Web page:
- The Washington Times - Friday, November 28, 2003

BELFAST — Voters in Northern Ireland handed power to hard-line Protestants in a stunning setback for hopes of reviving a Catholic-Protestant government, the central objective of the peace accord for the British territory.

The Democratic Unionists — who dismiss the 1998 Good Friday accord as a package of concessions to the Irish Republican Army — seized control of the Protestant side of the Northern Ireland Assembly, election results showed yesterday.

“If you surrender to gunmen and murderers, there is no hope for you,” declared victorious party leader Ian Paisley.

They will be sitting across the Assembly floor from a newly elected Roman Catholic majority from Sinn Fein, the IRA-linked party with which the Democratic Unionists say they won’t even talk, much less form a government.

“This was a sensational result for both parties and a real hammer blow for power-sharing,” said Belfast political analyst Paul Arthur.

“There’s going to be no sitting Assembly for months at the very least,” he said. “We’re going to enter a probably tortuous period of re-negotiation or review — call it what you will — of the Good Friday agreement.”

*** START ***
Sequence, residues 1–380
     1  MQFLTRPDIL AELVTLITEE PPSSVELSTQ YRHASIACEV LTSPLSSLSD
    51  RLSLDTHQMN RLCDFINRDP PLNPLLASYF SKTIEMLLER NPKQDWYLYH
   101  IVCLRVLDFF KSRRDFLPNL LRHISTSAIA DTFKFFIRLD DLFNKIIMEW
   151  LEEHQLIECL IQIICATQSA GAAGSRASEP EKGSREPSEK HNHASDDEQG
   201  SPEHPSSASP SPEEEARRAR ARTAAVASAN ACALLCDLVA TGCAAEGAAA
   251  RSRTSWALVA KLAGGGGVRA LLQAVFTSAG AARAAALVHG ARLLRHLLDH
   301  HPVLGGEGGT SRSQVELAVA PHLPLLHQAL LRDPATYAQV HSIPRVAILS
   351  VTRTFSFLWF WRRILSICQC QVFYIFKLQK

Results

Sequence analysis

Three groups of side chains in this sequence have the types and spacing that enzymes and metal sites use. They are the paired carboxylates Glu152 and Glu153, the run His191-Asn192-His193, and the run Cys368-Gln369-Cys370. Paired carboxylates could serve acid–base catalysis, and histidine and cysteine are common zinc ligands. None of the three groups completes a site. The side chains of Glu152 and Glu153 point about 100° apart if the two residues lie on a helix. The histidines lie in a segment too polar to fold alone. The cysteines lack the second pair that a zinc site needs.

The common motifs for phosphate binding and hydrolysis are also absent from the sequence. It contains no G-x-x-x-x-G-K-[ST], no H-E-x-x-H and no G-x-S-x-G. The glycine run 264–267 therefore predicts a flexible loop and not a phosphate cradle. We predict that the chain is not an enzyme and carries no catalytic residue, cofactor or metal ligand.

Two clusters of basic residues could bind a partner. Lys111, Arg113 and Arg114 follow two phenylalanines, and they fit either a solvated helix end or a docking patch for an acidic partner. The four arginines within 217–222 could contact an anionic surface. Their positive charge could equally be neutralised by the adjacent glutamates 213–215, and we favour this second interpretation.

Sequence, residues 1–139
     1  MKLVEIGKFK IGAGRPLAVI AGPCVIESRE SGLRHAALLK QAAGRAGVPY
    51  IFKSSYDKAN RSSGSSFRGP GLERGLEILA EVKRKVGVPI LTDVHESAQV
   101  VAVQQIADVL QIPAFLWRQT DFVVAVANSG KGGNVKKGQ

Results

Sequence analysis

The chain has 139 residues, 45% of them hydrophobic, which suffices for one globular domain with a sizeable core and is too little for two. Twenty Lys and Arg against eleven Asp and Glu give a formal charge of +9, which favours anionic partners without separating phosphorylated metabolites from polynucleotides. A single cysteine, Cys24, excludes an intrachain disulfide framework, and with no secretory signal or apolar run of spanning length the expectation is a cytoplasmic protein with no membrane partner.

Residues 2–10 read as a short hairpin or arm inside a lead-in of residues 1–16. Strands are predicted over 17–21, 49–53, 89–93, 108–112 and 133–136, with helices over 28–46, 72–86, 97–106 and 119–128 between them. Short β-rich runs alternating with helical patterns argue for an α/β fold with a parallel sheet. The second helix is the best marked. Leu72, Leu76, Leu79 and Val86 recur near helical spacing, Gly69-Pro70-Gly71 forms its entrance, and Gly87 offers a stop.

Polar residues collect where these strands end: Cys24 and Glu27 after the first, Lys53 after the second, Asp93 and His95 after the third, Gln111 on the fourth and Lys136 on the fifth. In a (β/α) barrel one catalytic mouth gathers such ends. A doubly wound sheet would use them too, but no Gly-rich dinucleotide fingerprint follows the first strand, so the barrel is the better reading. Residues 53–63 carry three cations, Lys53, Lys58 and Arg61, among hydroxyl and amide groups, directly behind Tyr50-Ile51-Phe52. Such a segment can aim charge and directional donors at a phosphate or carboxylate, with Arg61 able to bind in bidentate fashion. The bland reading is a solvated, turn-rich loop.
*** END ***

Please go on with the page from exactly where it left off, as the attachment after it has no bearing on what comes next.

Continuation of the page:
Results after a two-day ballot count confirmed that the Democratic Unionists won 30 seats in the 108-member Assembly, up 10 from 1998. The long-dominant Ulster Unionists won 27, down one.

Sinn Fein won 24 seats, up six from 1998, changing places dramatically with its moderate Catholic rival the Social Democratic and Labor Party or SDLP, which won 18 seats, down six. Smaller parties or independents won nine seats.

SDLP leader Mark Durkan, whose party was the driving force behind power sharing, said the damage from Wednesday’s election could take years to repair.

“It is, frankly, depressing. The Democratic Unionists have got the result they wanted,” Mr. Durkan said. “They wanted themselves on top on the Protestant side, and they wanted Sinn Fein on top on the [Irish] nationalist side, so that they could declare the agreement a bust.”

Analysts agreed that Britain would not convene the Assembly until the next round of negotiations is exhausted.

The lawmakers’ first duty would be to elect new Protestant and Catholic leaders for a joint administration. But given the strength of the Democratic Unionist bloc, any such vote would be doomed. If that continued for six weeks, a new election would be required.

The British and Irish governments, which jointly oversaw the 1998 Good Friday pact that proposed power sharing, had toiled for the past year to avoid a much-predicted Democratic Unionist triumph.

British Prime Minister Tony Blair twice canceled the vote originally scheduled for May, hoping to make a deal with Sinn Fein that would shore up moderate Protestant opinion. An IRA disarmament move last month proved too little and too secretive for Ulster Unionist chief David Trimble, who wanted an IRA commitment to full disarmament.


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